How to protect your baby’s skin in summer

How to protect your baby’s skin in summer

Babies’ skin is much more vulnerable than adult skin, and sunburn caused by
prolonged exposure to the sun can result in skin cancer later in life. Children under the age
of six months should be kept out of overt sunshine and we’re going to help you with a few
tips to make sure you’re able to do this.

1. Be intentional with shade
The best way to protect your baby from the sun is to keep him or her in the shade,
particularly if he or she is under six months old. Keep your child as long as necessary in the
shade, and if you can’t find any, make your own with a hooded hat, blanket, or the hood of a
stroller.

Despite taking extra precautions such as using sun cream, due to the sensitivity of a child’s
skin, direct exposure to the sun can still affect their skin more harshly as opposed to adult
skin.

2. Maintain skin temperature
Since their sweat glands are already growing and are thus very vulnerable, babies are
susceptible to overheating during the summer months.
Every day, give them a quick (five to ten minute) lukewarm bath to keep them calm and
clean.

The temperature of the water should be between lukewarm and cool. Before bathing your
infant, always check the temperature of the water. When washing your infant, pay careful
attention to the collar, armpits, and all folds in his or her clothing. After that, make sure your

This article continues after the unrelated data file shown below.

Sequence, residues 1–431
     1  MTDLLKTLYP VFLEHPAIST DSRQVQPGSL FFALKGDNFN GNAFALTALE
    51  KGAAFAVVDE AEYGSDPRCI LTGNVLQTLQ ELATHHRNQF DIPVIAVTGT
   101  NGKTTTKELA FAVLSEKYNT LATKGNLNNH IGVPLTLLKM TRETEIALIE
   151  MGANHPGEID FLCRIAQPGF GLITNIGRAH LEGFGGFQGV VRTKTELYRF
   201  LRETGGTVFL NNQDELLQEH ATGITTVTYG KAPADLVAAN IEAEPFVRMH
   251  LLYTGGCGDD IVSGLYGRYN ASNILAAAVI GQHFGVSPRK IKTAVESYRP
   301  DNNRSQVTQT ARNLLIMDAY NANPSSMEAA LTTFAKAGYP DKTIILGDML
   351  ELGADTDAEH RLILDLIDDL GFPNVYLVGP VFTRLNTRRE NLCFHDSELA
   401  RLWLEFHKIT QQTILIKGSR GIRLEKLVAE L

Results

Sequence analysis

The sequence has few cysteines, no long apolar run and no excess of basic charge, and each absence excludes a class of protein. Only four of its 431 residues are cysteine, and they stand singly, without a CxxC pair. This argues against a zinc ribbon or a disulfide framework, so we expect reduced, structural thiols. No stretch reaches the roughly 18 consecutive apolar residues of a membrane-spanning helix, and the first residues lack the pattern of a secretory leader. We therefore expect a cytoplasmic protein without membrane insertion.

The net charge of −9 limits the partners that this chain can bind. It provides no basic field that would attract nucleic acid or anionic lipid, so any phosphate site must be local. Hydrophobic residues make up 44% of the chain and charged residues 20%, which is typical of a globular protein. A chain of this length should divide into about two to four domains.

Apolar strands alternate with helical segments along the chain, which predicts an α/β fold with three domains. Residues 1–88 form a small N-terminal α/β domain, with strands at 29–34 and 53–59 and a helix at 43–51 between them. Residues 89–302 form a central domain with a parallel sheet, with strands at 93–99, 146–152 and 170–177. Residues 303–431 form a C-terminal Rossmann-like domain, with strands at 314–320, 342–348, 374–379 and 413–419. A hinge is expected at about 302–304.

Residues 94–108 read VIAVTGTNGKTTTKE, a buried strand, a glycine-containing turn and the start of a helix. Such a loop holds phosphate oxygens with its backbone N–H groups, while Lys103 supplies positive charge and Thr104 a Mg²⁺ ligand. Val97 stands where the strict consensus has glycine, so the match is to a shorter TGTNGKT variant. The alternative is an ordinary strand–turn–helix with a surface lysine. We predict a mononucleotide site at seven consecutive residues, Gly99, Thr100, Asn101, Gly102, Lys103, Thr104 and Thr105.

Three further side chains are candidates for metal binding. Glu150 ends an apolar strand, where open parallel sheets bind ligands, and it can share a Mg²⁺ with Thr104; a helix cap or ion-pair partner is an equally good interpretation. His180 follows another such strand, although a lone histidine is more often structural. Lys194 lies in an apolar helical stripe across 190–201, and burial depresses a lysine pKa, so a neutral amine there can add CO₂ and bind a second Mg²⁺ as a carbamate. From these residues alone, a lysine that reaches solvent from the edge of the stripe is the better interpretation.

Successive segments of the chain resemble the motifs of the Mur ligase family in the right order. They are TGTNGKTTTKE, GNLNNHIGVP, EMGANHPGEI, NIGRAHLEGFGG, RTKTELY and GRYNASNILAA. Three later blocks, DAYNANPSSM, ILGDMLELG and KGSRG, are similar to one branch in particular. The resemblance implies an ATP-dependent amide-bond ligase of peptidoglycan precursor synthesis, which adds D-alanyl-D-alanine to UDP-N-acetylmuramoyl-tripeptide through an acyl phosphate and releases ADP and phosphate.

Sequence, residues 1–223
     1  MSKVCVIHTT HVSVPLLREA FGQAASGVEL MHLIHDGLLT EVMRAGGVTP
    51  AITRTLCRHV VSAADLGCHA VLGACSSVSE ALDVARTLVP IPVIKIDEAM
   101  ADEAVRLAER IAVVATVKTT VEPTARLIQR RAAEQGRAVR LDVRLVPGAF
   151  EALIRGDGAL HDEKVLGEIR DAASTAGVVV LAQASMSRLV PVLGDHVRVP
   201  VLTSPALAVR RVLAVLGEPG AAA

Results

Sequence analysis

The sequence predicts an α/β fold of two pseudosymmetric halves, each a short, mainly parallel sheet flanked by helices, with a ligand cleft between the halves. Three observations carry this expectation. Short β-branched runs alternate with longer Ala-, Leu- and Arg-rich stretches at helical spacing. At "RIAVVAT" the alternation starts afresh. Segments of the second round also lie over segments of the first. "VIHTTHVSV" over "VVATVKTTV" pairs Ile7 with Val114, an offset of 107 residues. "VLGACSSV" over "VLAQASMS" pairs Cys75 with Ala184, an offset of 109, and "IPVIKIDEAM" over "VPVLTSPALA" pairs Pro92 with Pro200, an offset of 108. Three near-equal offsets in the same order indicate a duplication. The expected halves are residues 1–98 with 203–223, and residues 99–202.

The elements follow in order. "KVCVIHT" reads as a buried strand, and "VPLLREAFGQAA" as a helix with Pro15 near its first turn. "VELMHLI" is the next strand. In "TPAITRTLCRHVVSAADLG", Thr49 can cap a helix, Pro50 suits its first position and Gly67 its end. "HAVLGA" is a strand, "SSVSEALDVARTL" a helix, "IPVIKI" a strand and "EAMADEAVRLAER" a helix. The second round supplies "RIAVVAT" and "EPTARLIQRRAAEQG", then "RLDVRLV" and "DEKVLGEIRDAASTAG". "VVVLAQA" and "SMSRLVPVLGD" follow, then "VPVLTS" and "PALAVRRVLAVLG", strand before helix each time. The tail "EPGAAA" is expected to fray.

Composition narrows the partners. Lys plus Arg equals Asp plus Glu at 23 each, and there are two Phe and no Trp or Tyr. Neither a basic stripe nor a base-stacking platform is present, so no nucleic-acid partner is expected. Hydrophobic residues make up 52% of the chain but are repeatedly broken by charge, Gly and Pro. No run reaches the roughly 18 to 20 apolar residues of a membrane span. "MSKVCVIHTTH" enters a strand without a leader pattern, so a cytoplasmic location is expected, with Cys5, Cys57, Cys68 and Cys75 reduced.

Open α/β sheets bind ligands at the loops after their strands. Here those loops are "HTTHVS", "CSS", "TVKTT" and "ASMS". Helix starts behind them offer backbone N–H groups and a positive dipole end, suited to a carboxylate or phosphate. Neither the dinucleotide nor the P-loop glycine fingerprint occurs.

baby is completely dry.

 

3. Avoid synthetic ingredients, instead opting for natural and gentle extracts.

If your babies’ skin suffers from dry areas, use items designed specifically for sensitive skin. For more options look here
Make sure your child is dressed in just cotton, breathable clothing. Synthetic clothing can
make your baby feel uncomfortable and cause skin irritation.

 

4. Look out for signs of dehydration
Whether your child has been vomiting (not only coughing up tiny quantities of milk), has
diarrhea, or has been otherwise sick, or whether you’ve been outdoors in extreme weather
over an extended period of time, keep an eye out for symptoms of dehydration.
Avoid letting your baby get dehydrated. Despite the fact that your infant does not sweat, he
or she lacks fluids. A baby who is dehydrated may have rapid breathing, restlessness, warm
skin, and a flushed face.

5. Use a suitable baby powder

Talcum powder has been known to cause rashes in some infants and it is also comedogenic (blocks the pores and prevents natural skin function). This is why we’ve produced a talc-free baby powder, created with Zea mays starch – a natural, biodegradable, sustainable and non irritating alternative.

 

Top tip! It is also great for getting sand off your little one’s toes.

 

 

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